Q. Do I count all of the income from a full time student over 18 when calculating annual income?
A. If the student is employed but is not the head, co-head or spouse, and is a dependent of the household, you count only the first $480 of their wages for the entire 12-month period. Also, count all unearned income (Social Security benefits, TANF, unemployment, etc.) for any student. Verification of full-time student status is required to be maintained on file for both HUD and LIHTC programs.
Q. Is student financial assistance considered income for purposes of qualifying a household for a tax credit unit? If so, what parts do I count?
A. Only if the tax credit unit or resident is receiving some form of Section 8 rental assistance would you include student financial assistance in excess of tuition in fees as income.
Q. I have an applicant who is expecting a child, is 20 years old and is a part time college student. Does she qualify for a HUD or LIHTC unit?
A. She does not qualify for HUD. She does not meet any of the exceptions of the HUD Student Rules. She is under the age of 24, she is a part time college student and the unborn child cannot be considered a household member. HUD does not consider unborn children as a household member. She does however, qualify for the LIHTC program because the unborn child would be a considered a household member and she is a part-time student. A self-certification of pregnancy must be obtained for both programs. Also note that a part time student is always eligible for the LITHC program as long as student status verification is obtained.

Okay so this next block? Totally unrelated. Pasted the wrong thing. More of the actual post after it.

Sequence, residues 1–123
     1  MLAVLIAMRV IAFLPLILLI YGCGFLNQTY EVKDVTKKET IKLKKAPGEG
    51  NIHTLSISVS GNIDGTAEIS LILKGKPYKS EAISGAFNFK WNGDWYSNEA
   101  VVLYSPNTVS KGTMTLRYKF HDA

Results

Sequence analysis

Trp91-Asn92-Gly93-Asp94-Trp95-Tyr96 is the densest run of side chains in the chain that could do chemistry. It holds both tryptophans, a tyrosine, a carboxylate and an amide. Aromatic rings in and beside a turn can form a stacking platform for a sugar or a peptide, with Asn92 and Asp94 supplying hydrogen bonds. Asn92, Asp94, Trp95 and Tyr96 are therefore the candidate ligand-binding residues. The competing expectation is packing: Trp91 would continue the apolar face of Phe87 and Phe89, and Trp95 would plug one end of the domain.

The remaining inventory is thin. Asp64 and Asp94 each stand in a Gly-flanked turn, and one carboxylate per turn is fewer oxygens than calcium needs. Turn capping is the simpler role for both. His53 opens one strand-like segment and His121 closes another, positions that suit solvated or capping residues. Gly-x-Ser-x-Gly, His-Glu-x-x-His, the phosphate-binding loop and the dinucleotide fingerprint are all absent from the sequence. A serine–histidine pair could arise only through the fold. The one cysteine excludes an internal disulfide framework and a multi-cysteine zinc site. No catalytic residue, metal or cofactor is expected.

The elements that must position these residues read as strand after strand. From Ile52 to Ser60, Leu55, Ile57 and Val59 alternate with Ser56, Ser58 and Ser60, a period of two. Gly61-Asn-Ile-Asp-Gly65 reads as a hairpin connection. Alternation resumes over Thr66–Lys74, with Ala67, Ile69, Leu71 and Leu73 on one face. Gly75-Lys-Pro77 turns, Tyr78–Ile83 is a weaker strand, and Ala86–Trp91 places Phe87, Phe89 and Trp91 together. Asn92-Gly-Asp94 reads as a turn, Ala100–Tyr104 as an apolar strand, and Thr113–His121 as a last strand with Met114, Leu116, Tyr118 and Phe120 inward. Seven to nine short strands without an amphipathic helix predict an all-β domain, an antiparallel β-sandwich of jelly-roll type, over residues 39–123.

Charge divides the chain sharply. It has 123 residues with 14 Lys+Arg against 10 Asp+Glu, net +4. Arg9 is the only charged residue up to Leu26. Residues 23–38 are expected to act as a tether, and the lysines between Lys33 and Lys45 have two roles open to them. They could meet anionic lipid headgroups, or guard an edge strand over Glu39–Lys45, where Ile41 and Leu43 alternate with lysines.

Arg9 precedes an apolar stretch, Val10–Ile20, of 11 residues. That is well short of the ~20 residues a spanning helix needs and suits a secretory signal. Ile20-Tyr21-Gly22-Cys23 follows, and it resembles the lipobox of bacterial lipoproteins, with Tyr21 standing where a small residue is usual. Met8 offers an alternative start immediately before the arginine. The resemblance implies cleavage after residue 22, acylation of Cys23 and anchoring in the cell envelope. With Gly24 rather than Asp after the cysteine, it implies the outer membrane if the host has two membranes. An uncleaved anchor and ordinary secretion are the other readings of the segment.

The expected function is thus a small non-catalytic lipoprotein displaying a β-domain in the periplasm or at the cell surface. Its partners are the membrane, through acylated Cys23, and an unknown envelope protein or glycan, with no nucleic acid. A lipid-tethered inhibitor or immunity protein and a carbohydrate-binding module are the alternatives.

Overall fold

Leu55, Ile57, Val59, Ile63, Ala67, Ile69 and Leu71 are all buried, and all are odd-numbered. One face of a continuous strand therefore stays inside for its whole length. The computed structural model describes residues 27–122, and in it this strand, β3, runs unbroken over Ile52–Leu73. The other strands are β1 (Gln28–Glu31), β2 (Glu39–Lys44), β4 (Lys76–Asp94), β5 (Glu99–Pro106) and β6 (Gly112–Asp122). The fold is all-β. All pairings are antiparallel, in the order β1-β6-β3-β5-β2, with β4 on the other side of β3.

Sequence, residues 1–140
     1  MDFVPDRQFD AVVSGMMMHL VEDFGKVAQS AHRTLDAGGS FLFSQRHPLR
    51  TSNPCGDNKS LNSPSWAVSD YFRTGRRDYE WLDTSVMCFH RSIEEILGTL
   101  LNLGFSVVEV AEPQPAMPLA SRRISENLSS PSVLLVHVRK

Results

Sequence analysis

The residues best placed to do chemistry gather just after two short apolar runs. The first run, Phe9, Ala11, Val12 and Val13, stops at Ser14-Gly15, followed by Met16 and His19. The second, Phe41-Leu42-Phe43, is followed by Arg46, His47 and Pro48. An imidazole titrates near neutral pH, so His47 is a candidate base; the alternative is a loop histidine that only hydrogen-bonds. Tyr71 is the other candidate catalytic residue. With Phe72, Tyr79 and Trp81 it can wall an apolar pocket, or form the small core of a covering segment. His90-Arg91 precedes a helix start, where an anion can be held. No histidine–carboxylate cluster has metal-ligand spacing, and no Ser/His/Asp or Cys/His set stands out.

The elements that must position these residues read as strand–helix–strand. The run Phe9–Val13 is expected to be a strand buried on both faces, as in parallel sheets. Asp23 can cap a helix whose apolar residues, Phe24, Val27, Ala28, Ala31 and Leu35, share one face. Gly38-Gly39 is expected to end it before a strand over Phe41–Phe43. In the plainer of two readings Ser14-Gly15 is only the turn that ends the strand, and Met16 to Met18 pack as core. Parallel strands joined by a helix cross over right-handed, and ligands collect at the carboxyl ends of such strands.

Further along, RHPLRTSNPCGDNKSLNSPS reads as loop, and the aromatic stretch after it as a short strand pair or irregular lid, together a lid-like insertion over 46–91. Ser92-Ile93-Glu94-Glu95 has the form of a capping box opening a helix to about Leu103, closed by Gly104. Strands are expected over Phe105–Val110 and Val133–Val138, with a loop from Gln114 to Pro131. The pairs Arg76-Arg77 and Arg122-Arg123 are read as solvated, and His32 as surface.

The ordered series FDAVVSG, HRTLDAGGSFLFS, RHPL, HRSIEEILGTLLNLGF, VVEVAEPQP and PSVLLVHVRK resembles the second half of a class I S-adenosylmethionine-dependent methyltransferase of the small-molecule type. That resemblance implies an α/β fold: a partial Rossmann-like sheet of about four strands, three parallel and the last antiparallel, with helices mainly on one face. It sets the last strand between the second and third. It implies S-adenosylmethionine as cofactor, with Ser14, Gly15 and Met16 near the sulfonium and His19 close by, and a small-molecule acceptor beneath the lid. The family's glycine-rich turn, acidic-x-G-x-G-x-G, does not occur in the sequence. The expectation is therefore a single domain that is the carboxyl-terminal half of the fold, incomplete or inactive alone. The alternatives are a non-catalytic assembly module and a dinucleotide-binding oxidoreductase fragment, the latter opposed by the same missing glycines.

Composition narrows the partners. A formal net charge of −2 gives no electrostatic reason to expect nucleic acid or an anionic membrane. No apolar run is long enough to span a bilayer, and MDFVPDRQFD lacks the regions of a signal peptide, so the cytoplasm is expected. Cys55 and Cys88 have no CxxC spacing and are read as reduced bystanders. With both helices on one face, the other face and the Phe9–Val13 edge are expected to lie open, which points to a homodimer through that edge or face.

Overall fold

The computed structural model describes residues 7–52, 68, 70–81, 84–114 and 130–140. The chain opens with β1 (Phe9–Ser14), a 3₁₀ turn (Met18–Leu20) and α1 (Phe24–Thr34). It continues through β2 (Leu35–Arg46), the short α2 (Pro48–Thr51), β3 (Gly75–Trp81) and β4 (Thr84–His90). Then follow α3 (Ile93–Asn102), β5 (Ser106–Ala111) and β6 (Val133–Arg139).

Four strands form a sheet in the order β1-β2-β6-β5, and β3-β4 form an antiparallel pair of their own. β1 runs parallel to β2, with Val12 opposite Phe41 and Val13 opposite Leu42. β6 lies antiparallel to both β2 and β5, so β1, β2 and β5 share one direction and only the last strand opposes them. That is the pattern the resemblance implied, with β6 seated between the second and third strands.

Q. One of my residents has informed me that he has been enrolled as a full time student and he is the only household member. Is my resident still eligible?
A. No. The resident is no longer eligible for the LIHTC program unless they qualify for any one of the following exceptions, which you must third party verify:
- enrolled in a job training program receiving assistance under the Workforce Investment Act (formerly JTPA) or other similar program funded by a state or local government agency.
- receiving benefits under Title IV of the Social Security Act (e.g., TANF)
- a single parent and the single parent is not a dependent of another individual, nor are their children dependents of another individual except another parent of such children.
- married and eligible to file a joint return.
A student that was previously under the care of a state foster care program.
It is permissible for a unit to be occupied by a full time student where there are other people in the household that qualify. However, when a unit becomes occupied entirely by full time students (defined as individuals enrolled full time at an educational organization for at least five calendar months during the year that need not be consecutive), the unit becomes disqualified unless any of the exceptions above apply.
Q. An applicant for LIHTC graduated from high school on May 2. She was a full time high school student from January 4 until May 2 and does not anticipate furthering her education. There are no other household members applying. Does this person qualify for a HUD or LIHTC unit?
A. She does qualify for HUD since high school is not considered an institution of higher education. She does not qualify for the LIHTC program. A full time student does not qualify for LIHTC if he/she was enrolled full time in school for any five months of the year. A month is included if he/she attended school for any number of days during the month. In the example you provided, the months of January and May are counted as full months because she attended school during those months.